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Advanced Driver-Assistance Technologies Linked to Numerous Collisions

Advanced Driver-Assistance Technologies Linked to Numerous CollisionsAlmost 400 automobile collisions occurring in the last year involved vehicles equipped with advanced driver-assistance systems (ADAS), according to the National Highway Traffic Safety Administration (NHTSA).

The NHTSA’s findings are part of the agency’s effort to determine the degree of safety provided by advanced driving systems. According to NHTSA data, Teslas outfitted with Autopilot, Full Self Driving Mode, or any associated component features were involved in 273 of the cited crashes, and five were fatal. Approximately 830,000 Tesla automobiles in the US include Autopilot or one of the company’s other driver-assistance systems. This might explain why Teslas made up almost 70 percent of crashes.

Auto manufacturers collected the data under a 2021 NHTSA order that requires them to report collisions involving cars equipped with advanced driver-assistance systems. In recent years, dozens of manufacturers, including Ford, General Motors, Honda, Subaru, and BMW, have introduced systems complete with features that allow drivers to take their hands off the steering wheel (under certain circumstances) and assist with parallel parking. According to the NHTSA data, Honda vehicles were involved in 90 incidents, and Subaru reported ten.

What is ADAS technology?

According to Car and Driver, ADAS systems are “technological features that are designed to increase the safety of driving a vehicle.” When properly designed, these systems, which began gaining popularity in the US in the early 2000s, utilize a human-machine interface to enhance a driver’s ability to react to hazards on the road. ADAS technology generally encompasses two categories: those that automate driving and those that help improve driver responsiveness. These systems aim to improve road safety by reducing traffic accidents and subsequent injuries.

While ADAS systems are standard on certain vehicles, others may be available as aftermarket features to be added later. Some common ADAS systems include:

  • Adaptive cruise control – designed to help vehicles maintain a safe following distance and remain within the posted speed limit.
  • Anti-lock brakes – an anti-skid braking system that restores traction in an emergency and helps prevent wheels from locking up.
  • Forward collision warning – uses cameras, radar, lasers, or a combination to scan the road and alert the driver if they are at risk of crashing into a slower moving or stopped vehicle ahead.
  • High beam safety systems – utilize a camera on top of the vehicle to detect light from approaching cars while lighting the road ahead smoothly.
  • Lane departure warning – designed to monitor lane markings and alert a driver when it detects that the vehicle is drifting out of its lane of traffic.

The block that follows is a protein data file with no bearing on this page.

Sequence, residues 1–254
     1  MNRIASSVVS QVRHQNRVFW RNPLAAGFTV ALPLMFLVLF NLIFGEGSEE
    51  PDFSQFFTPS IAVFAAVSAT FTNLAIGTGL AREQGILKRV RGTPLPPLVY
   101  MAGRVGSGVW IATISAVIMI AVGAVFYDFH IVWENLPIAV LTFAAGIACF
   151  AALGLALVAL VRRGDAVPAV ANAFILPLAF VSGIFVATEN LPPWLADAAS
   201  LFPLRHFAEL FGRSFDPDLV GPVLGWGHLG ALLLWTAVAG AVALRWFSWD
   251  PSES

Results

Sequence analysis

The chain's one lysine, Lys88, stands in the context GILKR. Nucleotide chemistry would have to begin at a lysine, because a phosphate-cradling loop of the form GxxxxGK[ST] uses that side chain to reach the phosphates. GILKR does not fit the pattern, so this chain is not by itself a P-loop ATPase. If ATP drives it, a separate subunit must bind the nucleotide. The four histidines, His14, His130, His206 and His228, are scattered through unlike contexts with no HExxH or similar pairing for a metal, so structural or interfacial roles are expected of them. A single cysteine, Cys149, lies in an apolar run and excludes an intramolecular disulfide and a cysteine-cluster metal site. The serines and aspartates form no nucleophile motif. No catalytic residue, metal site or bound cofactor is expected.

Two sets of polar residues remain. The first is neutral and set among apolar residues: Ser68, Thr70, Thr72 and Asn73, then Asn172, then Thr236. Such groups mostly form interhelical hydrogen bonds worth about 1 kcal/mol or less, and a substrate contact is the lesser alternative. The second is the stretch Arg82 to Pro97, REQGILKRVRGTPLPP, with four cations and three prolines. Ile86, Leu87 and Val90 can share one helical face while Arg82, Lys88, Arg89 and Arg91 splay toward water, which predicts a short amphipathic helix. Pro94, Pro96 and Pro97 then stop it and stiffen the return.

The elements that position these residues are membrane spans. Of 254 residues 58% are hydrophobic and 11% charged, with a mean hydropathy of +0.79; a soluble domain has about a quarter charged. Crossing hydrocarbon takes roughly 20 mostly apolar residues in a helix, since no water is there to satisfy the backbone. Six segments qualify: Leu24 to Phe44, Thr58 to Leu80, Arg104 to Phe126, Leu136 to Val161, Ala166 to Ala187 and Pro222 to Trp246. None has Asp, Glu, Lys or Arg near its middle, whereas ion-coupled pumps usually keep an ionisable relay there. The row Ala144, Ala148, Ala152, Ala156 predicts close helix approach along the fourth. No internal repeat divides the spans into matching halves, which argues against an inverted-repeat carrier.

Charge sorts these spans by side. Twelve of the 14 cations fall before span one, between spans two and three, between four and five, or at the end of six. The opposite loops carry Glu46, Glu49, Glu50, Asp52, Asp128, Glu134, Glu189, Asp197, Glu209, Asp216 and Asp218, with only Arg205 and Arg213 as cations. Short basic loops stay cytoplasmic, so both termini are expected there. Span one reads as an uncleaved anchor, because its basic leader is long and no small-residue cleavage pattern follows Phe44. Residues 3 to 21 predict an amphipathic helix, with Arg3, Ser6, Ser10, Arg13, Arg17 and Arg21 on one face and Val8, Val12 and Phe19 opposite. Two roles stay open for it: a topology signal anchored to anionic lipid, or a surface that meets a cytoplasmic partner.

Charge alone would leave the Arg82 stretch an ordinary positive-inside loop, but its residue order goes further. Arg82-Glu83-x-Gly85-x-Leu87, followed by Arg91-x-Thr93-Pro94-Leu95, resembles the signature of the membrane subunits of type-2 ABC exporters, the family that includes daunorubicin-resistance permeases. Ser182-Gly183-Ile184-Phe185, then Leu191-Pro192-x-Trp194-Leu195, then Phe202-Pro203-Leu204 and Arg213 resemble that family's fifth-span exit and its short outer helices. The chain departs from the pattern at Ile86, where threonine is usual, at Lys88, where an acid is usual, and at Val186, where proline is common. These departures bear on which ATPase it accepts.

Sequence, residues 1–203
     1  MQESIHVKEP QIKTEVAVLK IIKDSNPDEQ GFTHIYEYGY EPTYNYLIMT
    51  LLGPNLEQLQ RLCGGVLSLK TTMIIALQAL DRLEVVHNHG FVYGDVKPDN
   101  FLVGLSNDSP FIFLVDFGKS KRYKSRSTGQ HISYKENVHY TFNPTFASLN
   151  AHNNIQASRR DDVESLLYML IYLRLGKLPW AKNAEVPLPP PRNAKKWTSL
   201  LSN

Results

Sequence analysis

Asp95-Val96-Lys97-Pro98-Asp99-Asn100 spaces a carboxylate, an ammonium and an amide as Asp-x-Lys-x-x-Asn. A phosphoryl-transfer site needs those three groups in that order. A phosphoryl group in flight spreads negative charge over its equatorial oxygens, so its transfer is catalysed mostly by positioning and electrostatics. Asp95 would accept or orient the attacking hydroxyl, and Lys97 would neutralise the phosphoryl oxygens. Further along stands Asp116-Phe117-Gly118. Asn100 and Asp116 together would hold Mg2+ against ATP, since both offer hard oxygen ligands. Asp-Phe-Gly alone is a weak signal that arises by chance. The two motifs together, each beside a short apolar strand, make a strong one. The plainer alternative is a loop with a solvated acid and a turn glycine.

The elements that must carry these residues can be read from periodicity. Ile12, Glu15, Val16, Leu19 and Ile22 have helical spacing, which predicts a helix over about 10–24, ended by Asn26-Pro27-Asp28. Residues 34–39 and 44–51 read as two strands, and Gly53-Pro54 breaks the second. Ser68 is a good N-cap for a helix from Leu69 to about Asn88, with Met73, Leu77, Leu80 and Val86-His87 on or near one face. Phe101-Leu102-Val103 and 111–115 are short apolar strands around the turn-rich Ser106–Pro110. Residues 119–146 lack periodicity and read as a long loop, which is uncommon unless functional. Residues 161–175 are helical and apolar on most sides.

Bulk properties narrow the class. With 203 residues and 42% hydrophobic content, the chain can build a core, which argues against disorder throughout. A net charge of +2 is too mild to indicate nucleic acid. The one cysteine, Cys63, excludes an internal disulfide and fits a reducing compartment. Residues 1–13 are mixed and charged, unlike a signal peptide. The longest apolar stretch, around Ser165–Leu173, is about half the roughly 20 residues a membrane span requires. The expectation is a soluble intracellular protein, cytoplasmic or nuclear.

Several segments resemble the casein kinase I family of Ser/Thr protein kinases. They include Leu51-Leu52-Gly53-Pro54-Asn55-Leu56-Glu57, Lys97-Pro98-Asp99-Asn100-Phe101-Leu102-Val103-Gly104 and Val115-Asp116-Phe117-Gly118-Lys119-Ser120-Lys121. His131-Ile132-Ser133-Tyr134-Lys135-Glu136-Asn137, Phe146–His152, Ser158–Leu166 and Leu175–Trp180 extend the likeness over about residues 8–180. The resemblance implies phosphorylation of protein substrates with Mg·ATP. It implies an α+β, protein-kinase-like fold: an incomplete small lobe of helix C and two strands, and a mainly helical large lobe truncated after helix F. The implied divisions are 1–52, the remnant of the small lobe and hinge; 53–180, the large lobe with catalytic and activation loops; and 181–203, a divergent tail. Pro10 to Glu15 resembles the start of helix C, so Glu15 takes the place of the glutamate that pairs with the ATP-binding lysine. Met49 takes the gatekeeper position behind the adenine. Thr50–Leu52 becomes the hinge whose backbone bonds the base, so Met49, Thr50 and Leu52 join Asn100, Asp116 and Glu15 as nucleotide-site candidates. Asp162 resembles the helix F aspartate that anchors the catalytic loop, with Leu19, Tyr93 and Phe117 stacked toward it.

• Traffic signal recognition – allows the vehicle to recognize traffic signs on the road and display them to the driver.
  • Traction control – a feature that helps keep traction between the tires and the road in slippery or otherwise dangerous road conditions.

Most new vehicles have ADAS in their original design and are updated as manufacturers release new models and additional features. Because most car accidents are believed to have been caused by human factors, these systems were created to automate and improve certain aspects of the driving experience to boost safety and superior driving habits.

Cars with driver-assistance systems can’t drive themselves

According to the National Safety Council (NSC), consumers must be aware that ADAS systems have a variety of capabilities, depending on the manufacturer, and drivers need to understand the correct use of their system. ADAS technologies are meant to help the driver decrease their risk while driving, not assume the job of driving. While some systems seem so effective that drivers might think the car is driving itself; however, over-reliance on these features might be a deadly mistake.

Advanced driver-assistance systems are capable of steering, braking, and accelerating independently, although drivers must remain alert and prepared to take control of the vehicle at any time should the technology fail or prove incapable of handling a specific situation. Safety experts warn that such systems allow drivers to surrender active control of their vehicles and could encourage them to falsely believe that their cars can drive themselves.

If you or someone you love was injured in an accident involving a vehicle equipped with ADAS technology, a defect might have caused the collision. Our attorneys have experience investigating vehicle defects and have obtained millions for injured clients. To receive fair compensation for your damages, call Harris Lowry Manton LLP at our offices in Atlanta (404-998-8847) or Savannah (912-417-3774) or complete our contact form and schedule your free initial consultation today.


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